Farfield Quaker Meeting House

Built on land donated to Quakers by on a 5,000 year lease, Farfield is one of the oldest Quaker meeting houses. The 1689 Act of Toleration was an important step on the road to religious freedom that we today take for granted.  Farfield Meeting House was built that same year by Quakers who had previously had to worship in secret. This small and deliberately modest building is therefore an important monument on the road to freedom of belief and religious diversity.

"A lovely peaceful place, and a warm welcome"

Farfield visitors' book

What's on

We don't have any events planned here at the moment, but we're open to visitors.

Visit

We invite visitors to leave a donation. Historic Chapels Trust is a charity with no endowment. To support our work click here

You can download a short guide to Farfield Friends' Meeting House here.

Directions

The meeting house is on the Dales Way where it crosses the B6168 Ilkley road. Please take care as sight lines are poor. The Dales Way Association organises events and lists accommodation.

There is parking for two cars only. Please park so as not to block access to our neighbours' houses.

Nearest rail station Ilkley (5 miles). The 74 bus operated by Pride of the Dales from Ilkley Station to Bolton Abbey Station passes the meeting house - ask the driver to let you off at Farfield.

In the Area

The picturesque Bolton Abbey, a 12th century Augustinian Abbey in a beautiful Wharfedale setting is two miles from the meeting house. Ilkley is an attractive spa town nearby. Bettys Tea Rooms are the most celebrated of the town's many cafes. Embsay & Bolton Abbey Steam Railway is a volunteer run steam railway 5 miles from the meeting house, offering a great day out for all the family

two miles west of Addingham on the B6160 Bolton Abbey Road
near Ilkley
LS29 0RQ
United Kingdom

The meeting house is usually left unlocked during daylight hours. For groups please contact HCT to be sure of access.

Enquiry

Would you like to visit or use this chapel for an event?

Farfield Meeting House was built in 1689 on land given by local landowner Anthony Myers and the date is over the door. Until that year Quaker worship was illegal and Quakers often met in the open air so they could deny they were a meeting for worship. Even so, two Quakers in London were imprisoned in 1670 for an open air meeting there and in Oxfordshire a wealthy Quaker was sentenced to prison for building a small stone meeting house rather like Farfield.

The first step towards religious freedom that we today take for granted was the Act of Toleration of 1689, when nonconformist worship was to a limited extent decriminalised. It seems likely that the local Quaker meeting around Addingham was well established in a clandestine way and they lost no time in building a stone meeting house at Farfield as soon as it was legal to do so.

Farfield Meeting House is a modest building of stone with mullioned windows. The roof is supported by a single king post truss and the floor stone flagged. Apart from benches, the only fitting is the oak stand from where the elected leaders of the meeting started and closed meetings. Quakers at that time adopted dress, manners and lifestyles of calculated simplicity, so the meeting house is in line with this - it has a 'Quakerly' character.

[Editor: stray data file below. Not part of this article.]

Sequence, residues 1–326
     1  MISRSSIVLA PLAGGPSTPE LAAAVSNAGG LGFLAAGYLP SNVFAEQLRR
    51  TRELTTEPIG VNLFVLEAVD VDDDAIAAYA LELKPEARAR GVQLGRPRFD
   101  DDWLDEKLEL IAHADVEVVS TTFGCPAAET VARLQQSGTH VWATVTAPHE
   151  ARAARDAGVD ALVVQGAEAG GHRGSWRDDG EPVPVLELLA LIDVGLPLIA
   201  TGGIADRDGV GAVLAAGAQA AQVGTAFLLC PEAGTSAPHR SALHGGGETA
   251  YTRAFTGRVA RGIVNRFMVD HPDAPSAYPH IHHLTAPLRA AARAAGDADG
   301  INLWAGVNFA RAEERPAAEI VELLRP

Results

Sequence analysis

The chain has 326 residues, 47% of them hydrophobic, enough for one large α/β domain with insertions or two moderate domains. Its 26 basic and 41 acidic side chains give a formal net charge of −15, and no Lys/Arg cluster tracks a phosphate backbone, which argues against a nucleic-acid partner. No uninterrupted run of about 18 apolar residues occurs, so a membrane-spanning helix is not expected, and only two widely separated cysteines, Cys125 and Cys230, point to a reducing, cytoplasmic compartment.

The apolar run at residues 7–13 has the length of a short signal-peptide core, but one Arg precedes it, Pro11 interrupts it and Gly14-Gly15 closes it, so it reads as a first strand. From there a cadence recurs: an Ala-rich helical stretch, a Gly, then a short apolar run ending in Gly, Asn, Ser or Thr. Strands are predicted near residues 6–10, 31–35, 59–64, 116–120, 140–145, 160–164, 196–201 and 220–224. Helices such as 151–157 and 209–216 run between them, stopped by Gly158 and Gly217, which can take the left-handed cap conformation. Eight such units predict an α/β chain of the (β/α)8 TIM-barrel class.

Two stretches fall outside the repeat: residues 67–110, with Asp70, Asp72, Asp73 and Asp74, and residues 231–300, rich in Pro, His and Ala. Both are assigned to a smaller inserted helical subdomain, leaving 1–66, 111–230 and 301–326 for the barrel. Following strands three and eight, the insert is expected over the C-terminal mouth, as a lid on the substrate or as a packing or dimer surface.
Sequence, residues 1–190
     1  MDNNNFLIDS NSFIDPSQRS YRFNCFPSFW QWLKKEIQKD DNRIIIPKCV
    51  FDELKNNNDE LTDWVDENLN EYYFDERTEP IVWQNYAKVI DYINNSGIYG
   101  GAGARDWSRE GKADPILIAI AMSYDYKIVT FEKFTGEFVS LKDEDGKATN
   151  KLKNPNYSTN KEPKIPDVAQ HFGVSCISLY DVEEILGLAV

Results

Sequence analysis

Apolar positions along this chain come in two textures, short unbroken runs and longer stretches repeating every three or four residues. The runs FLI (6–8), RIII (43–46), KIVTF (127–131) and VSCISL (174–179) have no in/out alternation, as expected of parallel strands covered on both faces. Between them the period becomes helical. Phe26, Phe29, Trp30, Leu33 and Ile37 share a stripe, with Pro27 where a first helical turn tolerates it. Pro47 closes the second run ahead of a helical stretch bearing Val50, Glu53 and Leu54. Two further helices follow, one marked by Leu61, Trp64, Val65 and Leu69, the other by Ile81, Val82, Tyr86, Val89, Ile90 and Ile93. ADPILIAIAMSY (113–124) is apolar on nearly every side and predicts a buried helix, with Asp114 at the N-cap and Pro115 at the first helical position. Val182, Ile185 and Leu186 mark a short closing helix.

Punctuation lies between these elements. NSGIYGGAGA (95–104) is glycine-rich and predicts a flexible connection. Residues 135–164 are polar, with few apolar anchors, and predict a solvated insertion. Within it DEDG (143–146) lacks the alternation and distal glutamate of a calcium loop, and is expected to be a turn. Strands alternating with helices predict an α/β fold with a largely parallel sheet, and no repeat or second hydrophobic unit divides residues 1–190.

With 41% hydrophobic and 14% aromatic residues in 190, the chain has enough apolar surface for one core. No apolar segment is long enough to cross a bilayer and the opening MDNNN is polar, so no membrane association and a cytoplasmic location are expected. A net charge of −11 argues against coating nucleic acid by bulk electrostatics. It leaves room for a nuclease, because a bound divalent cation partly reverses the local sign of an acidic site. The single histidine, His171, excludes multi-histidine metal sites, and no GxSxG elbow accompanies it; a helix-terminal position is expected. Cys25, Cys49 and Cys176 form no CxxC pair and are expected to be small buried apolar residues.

The meeting house has a small burial-ground where most of the burials are un-marked, as was then Quaker practice. However, there is also a row of five table-tombs commemorating the Myers family. It is not known whether they became Quakers, but as benefactors they must have been sympathetic at least. Table tombs are rare exceptionally rare in a Quaker burial ground as this style of memorial was associated with grand - even royal - burials and therefore usually an anathema to Quakers.

You can download a short guide to Farfield Friends' Meeting House here.

"Wood was generally left untreated, since varnish and polish were counted as vanity. Nor were there cushions, a practice that, happily, is not now regarded as essential."

~ David Brett, The Plain Style, Cambridge, 2004

Farfield was the first project undertaken by Historic Chapels Trust.  A small but important building the Quakers has ceased worship there in 1890s and the building was in agricultural use before serving as an artists studio in the 1950s and 60s. 

Historic Chapels Trust restored the stonework of the walls and roof. We promoted an agreement to have the Dales Way diverted a few yards so that it now directly passes the Meeting House and walkers also have a safer road-crossing point.  Today most visitors come by foot, discovering the Meeting House as a small surprise. Today it is listed Grade II*.

An interpretation panel on the rear wall facing the Dales Way gives the history of the site.

HCT's custodianship of Farfield Meeting House is informed by a Conservation Statement which can be downloaded here.

This small Meeting House is not available to hire but welcomes visits throughout the year. You may picnic in the small burial ground, but we ask you please to take any rubbish away with you.

Enquiry

Would you like to visit or use this chapel for an event?